Hesse , (Ger. Hessen). I. Or Hessia, a territory of Germany, inhabited in the time of the Roman empire by the Catti, an old Germanic tribe. Germanicus is said to have destroyed their principal town, Mattium, which stood on the site of the present villages of Grossmaden and Kleinmaden, near Gudensberg. Under the early German emperors Hesse was governed by counts. The principal of these were the counts of Gudensberg of the name of Geiso. By the marriage of the heiress of the last count of Gudensberg, Geiso IV., with the landgrave Louis I. of Thuringia, this prince became sovereign of Hesse (about 1130). Till about the middle of the 13th century the history of Hesse was identical with that of Thuringia; but the landgrave Henry Raspe dying without issue in 1247, his niece Sophia, the daughter of the landgrave Louis the Pious and the wife of Henry, duke of Brabant, claimed Hesse as well as Thuringia; and after a war of succession with her cousin, the margrave Henry the Illustrious of Misnia, she was put in possession of Hesse by treaty in 1263. Sophia's son, Henry I. the Child, became the progenitor of the dynasty of Hesse, and took up his residence at Cassel. Philip I. the Magnanimous, who succeeded his father "William in his sovereignty of the whole country in 1509, and who was the first to introduce the reformation, divided his dominions among his four sons (1567). The eldest, William IV., obtained one half, including the capital Cassel; Louis IV. one fourth, comprising Marburg; Philip II. one eighth, with Rheinfels; and George I. also one eighth, with Darmstadt. But Philip II. dying in 1583, and Louis IV. in 1604, without children, there remained only the two main branches of Hesse-Cassel and Hesse-Darmstadt, the former of which ceased to be a reigning family in 1866, when its territory was annexed to Prussia. It will become extinct with the death of the last elector of Hesse-Cassel. (See Hesse-Cassel.) Among the side branches of the Hessian dynasty are the landgraves of Hesse-Philippsthal and Hesse-Philippsthal-Barchfeld. II. Formerly Hesse-Darmstadt, a German grand duchy, consisting of two large portions separated by a long strip of land extending from E. to W., which belongs to the Prussian province of Hesse-Nassau. The NT. portion is bounded on all sides by Prussia; the S. portion is bounded N. by Prussia, E. by Bavaria, S. by Baden, S. W. by Rhenish Bavaria, and W. by Prussia; area, 2,964 sq. m.; pop. in 1871, 852,894, of whom 585,399 were Protestants, 238,080 Roman Catholics, and 25,373 were Jews. Hesse is divided into the provinces of Upper Hesse, Starkenburg, and Rhenish Hesse. The principal mountains are the Odenwald in the southern portion and the Vogelsgebirge in the northern.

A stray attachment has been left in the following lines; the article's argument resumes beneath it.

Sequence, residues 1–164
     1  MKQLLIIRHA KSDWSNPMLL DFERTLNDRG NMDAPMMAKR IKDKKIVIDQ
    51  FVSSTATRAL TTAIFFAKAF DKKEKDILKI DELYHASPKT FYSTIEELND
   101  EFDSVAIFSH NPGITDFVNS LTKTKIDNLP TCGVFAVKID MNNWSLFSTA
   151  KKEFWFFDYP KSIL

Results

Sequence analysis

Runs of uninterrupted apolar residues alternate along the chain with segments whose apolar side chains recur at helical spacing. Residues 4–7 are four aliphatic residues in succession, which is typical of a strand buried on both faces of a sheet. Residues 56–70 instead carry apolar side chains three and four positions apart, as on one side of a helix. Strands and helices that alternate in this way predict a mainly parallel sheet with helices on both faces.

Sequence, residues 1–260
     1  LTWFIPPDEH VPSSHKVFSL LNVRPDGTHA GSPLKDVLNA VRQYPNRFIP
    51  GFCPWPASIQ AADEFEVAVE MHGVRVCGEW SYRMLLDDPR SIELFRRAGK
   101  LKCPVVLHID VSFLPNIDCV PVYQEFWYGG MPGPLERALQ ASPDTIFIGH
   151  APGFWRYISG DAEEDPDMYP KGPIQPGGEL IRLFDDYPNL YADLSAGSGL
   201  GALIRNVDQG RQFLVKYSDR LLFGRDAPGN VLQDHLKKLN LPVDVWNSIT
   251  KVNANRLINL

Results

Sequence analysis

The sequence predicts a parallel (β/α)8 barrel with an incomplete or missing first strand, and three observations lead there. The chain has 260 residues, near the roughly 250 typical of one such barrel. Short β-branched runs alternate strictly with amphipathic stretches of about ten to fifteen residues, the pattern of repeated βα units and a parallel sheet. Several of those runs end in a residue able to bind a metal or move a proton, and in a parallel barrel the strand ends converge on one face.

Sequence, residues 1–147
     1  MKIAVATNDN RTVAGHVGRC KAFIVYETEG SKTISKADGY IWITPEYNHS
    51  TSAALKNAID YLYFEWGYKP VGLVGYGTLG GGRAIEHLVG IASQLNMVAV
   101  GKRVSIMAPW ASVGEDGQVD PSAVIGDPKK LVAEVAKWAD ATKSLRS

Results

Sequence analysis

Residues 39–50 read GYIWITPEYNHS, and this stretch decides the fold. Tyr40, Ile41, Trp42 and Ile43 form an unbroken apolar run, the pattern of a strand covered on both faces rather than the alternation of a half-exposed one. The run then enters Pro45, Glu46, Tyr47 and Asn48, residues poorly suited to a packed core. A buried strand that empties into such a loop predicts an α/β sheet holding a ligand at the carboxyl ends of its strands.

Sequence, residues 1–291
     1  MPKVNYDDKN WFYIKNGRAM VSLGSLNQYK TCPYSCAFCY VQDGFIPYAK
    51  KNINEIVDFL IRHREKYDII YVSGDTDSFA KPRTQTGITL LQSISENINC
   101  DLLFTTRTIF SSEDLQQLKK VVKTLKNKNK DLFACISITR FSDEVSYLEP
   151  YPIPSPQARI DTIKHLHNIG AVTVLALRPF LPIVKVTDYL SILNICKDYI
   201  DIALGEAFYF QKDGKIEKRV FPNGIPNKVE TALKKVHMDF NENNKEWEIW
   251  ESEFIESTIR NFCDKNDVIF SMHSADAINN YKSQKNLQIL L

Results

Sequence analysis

The Vogelsgebirge is a volcanic mass, occupying with its branches about 400 sq. m. The country is also traversed by branches of the Taunus, Westerwald, etc. The chief rivers are the Rhine, Main, Nahe, Nidda, and Lahn. Hesse is one of the best cultivated agricultural countries in Germany. Offenbach, near Frankfort, is the chief manufacturing town. Mentz is the great emporium for the corn, wine, and transit trade. Darmstadt is the capital. The grand duchy possesses many railways and excellent public roads. It occupies the sixth rank in the German empire, has three votes in the federal council, and sends eight deputies to the German Reichstag. The troops of the grand duchy constituted in 1874 a separate division of the 11th army corps. The government is a constitutional monarchy. The grand duke, who bears the title of Gross-herzog von Hessen unci bei Rhein, is assisted by a council of state and a cabinet, which in 1874 consisted of the premier or president (who is at the same time minister of the grand ducal household and of foreign affairs), of the ministers of the interior, of justice, and of finance. The legislature is composed of two chambers.